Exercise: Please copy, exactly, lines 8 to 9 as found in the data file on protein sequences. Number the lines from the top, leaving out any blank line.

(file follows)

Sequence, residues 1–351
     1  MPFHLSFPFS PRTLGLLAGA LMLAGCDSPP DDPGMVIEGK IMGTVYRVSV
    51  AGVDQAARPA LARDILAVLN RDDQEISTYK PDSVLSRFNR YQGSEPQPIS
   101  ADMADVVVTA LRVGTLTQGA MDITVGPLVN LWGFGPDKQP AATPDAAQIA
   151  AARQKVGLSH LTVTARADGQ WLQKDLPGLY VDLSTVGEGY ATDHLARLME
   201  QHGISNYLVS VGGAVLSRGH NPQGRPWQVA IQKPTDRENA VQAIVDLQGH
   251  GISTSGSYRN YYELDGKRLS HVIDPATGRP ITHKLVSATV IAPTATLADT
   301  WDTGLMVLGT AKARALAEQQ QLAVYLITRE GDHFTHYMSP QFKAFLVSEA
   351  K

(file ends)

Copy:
   301  WDTGLMVLGT AKARALAEQQ QLAVYLITRE GDHFTHYMSP QFKAFLVSEA
   351  K